You see this a fair amount in organizations. A manager has an extra hour or two come available. Apparently there isn’t enough on their own to do list or they are in avoidance. Paint the prettiest face on it and assume that this was the most important thing to focus on. What is the result? Some new initiative for their team, group, or business.
Is that problematic? On the face of it no. In a perfect situation where the team in question is planned with enough reserve time to take on additional initiatives and the initiatives are well structured and prioritized there is no problem at all.
How often do you see the perfect situation? Rarely enough for it to be remarkable. What you usually see is a team that is already fully loaded if not overloaded. There are a number of initiatives that have come and gone. Some are probably more important than the one currently under consideration.
What are the results of the ‘usual’ situation? The team sitting through another set of meetings that won’t end in success. These wind up being morale sapping since it is hard to commit to something new when there isn’t enough of a track record in success. It is also tough when you can’t see a way that there will be time to accomplish it. You know going in that the expectation is probably not going to be met.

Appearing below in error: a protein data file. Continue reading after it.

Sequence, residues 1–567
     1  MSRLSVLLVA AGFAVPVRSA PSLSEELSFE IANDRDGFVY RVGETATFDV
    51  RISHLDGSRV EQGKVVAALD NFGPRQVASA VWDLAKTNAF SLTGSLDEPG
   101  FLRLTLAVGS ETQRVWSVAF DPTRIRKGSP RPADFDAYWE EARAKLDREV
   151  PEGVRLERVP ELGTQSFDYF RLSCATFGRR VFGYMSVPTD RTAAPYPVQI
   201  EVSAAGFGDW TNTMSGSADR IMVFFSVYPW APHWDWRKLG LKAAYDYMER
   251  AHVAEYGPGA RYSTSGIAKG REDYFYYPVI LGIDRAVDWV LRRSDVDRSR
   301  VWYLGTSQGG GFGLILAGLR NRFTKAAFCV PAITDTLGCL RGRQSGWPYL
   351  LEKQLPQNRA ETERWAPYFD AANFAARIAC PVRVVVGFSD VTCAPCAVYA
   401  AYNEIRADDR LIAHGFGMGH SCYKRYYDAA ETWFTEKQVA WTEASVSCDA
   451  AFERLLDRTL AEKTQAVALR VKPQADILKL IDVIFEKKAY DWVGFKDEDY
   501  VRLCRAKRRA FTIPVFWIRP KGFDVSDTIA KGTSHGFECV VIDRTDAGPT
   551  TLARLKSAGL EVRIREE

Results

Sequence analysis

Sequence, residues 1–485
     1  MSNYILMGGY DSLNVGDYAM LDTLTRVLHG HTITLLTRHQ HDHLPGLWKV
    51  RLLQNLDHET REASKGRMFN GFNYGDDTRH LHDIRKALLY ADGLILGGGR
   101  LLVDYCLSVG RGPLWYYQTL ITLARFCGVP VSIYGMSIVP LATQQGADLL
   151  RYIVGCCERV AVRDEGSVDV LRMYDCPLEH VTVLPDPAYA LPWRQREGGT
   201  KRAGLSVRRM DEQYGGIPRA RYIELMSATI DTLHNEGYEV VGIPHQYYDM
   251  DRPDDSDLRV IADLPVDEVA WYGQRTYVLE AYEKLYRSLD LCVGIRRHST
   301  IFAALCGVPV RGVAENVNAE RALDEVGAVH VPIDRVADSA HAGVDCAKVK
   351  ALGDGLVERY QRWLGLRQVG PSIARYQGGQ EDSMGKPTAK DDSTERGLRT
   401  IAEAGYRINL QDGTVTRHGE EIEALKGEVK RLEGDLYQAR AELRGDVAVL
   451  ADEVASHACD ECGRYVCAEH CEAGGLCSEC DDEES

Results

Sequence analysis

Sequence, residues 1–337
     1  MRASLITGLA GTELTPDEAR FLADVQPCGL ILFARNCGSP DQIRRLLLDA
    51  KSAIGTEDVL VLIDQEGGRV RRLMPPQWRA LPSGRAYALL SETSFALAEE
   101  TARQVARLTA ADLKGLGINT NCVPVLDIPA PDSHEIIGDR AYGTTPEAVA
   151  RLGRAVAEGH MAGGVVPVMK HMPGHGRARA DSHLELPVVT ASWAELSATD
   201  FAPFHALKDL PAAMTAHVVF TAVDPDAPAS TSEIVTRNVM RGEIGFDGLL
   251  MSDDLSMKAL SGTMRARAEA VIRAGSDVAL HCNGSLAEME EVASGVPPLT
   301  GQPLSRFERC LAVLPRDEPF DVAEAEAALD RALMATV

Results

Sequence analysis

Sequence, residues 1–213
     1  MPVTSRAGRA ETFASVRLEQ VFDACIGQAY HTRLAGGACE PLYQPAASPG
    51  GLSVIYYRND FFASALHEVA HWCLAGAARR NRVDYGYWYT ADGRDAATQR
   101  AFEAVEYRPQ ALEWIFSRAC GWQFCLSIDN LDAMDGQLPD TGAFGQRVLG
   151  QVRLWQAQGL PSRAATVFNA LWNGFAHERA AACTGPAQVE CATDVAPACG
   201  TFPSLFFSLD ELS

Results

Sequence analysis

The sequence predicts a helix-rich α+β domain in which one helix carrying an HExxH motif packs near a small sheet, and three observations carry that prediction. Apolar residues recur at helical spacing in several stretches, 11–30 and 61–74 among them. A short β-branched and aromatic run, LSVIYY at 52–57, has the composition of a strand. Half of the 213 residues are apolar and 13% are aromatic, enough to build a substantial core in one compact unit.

What is a manager to do? The next time you have time available and your thoughts turn to what you should be setting forth in terms of new initiatives to accomplish ask yourself these things. Does my team have enough time to accomplish initiatives over and above base (or current) workload? If not, shouldn’t the focus be on finding that time before setting initiatives? If the team has the time, are the initiatives to be worked on well structured and prioritized? If not, shouldn’t the focus be on getting the existing initiatives organized, prioritized, planned and communicated so that the most important items are happening first? If the above conditions are all met, then it would seem you are well placed to add new initiatives.